Oracle Troubleshooting: How to read Oracle ERRORSTACK output?!

I have written the first article to the troubleshooting section of my new website tech.E2SN.com:

It’s about a very valuable Oracle troubleshooting tool -> ERRORSTACK trace.

I cover 4 frequently asked questions there:

  1. Reading the current executing SQL statement text from errorstack trace
  2. Reading the current executing PL/SQL package and PL/SQL source code line number from errorstack trace
  3. Reading the current bind variable values from errostack trace
  4. Identifying how much private (UGA) memory a cursor is using

You can read it here:

By the way, if you like my new website, feel free to link to it !!! ;-)

Note that this year’s only Advanced Oracle Troubleshooting class takes place in the end of April/May 2014, so sign up now if you plan to attend this year!

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14 Responses to Oracle Troubleshooting: How to read Oracle ERRORSTACK output?!

  1. Hi Tanel,

    great article. Just a small typo: it´s v$sql_bind_capture instead of v$sql_plan_capture.

    Looking forward to reading more great stuff on e2sn…

    Regards,
    Martin

  2. Tanel Poder says:

    @Martin Decker
    Hi Martin,

    Thanks, the typo is fixed now.

  3. Chris Neumueller says:

    Hi Tanel!

    Thanks for a very interesting read. I found another typo: x$klgob should be replaced with x$kglob.

    Regards,
    Chris

  4. Maxx says:

    Hi Tanel, Do you have a RSS feed setup for the new website ??

  5. Tanel Poder says:

    @Maxx
    Hi Maxx,

    I’m still working on the best solution, I need to test out few things before I can publish this. Basically people need to join the site with their google account… stay tuned!:)

  6. Giridhar Kodakalla says:

    Are there any occassions where the “Current SQL Statement for this Session” in the trace file will be different than whatever is being found from the PL/SQL code (if the sql is from a pl/sql program) which you demonstrated in “Reading the current executing PL/SQL package and PL/SQL source code line number from errorstack trace” by querying DBA_SOURCE?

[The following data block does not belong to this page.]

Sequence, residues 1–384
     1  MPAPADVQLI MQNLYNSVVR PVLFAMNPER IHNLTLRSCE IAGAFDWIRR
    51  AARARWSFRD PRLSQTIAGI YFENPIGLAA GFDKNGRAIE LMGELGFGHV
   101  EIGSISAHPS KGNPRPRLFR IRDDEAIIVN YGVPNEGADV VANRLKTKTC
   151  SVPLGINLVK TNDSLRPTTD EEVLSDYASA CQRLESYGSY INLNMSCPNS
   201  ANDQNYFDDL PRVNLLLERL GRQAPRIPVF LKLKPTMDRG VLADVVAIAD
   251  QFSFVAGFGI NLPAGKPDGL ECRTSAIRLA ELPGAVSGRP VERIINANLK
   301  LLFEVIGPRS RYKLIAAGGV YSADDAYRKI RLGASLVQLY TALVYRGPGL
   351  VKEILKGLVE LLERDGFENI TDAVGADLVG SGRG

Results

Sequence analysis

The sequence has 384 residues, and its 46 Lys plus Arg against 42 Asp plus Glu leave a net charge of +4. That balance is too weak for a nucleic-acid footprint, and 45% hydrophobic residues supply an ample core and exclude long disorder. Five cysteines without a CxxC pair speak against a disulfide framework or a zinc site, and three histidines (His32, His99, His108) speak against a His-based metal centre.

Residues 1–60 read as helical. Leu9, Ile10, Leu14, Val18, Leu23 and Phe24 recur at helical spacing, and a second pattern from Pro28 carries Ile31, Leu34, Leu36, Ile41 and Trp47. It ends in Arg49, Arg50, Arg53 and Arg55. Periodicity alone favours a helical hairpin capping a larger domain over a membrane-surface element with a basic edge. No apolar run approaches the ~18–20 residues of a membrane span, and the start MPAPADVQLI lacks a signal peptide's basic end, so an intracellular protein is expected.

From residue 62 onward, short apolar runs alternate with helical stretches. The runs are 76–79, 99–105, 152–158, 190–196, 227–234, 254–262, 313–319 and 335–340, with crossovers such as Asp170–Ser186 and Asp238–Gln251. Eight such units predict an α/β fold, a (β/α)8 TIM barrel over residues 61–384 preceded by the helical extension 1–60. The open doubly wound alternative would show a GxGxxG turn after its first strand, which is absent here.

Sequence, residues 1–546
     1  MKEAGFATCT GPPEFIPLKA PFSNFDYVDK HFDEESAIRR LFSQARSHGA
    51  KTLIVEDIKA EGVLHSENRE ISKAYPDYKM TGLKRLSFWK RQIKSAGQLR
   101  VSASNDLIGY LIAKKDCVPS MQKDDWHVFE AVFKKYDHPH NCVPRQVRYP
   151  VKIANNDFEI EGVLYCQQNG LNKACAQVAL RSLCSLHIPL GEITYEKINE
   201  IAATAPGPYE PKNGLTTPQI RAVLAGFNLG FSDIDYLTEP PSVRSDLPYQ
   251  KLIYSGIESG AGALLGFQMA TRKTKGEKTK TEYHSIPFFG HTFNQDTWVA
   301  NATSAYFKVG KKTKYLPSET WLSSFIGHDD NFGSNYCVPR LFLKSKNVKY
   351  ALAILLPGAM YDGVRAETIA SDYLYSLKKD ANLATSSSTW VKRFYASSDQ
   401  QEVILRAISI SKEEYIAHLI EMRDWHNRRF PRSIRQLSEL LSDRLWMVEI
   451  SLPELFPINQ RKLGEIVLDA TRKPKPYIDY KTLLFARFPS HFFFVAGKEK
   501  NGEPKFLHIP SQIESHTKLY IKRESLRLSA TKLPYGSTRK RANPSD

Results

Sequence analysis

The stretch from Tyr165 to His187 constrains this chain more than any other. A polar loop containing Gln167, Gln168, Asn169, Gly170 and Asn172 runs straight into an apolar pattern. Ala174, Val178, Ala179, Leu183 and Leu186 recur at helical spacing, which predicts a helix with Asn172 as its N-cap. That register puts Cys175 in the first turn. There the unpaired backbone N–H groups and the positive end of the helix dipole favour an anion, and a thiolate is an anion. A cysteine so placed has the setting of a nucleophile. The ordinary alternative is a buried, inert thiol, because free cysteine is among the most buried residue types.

If yes, would you please let us know.

    Thanks,
    Giridhar Kodakalla.

  7. Tanel Poder says:

    @Giridhar Kodakalla
    Well, if the SQL you fire from your PL/SQL causes some other SQL to fire recursively (triggers, auditing, recursive data dictionary queries) then you may see other SQL pop up there if you take the errorstack dump when the recursive SQL happens to be executing.

  8. Dave Hays says:

    Tanel,
    I am a great fan of your posts, this is the first time I’ve communicated with you directly – I have what a simple question -I am trying to reproduce the
    examples in

    (http://tech.e2sn.com/oracle/troubleshooting/how-to-read-errorstack-output)

    in which you are able to obtain bind information using oradebug dump errorstack 3

    I am following the progression in your article, but I’m unable to reproduce the same when I try it at home. What I always see instead of “value=” in my trace dumps is:

    No bind buffers allocated

    Can you shed some light on this ? I’m not expecting that I need to tinker with the hidden parameter _optim_peek_user_binds (believe thats the name).

    I thank you greatly in advance for any feedback you can provide –

    -dave
    Dave Hays
    Caterpillar, Inc.

  9. Tanel Poder says:

    @Dave Hays
    Can you post the full testcase here, e.g. which SQL are you running and when exactly are you running the dump command.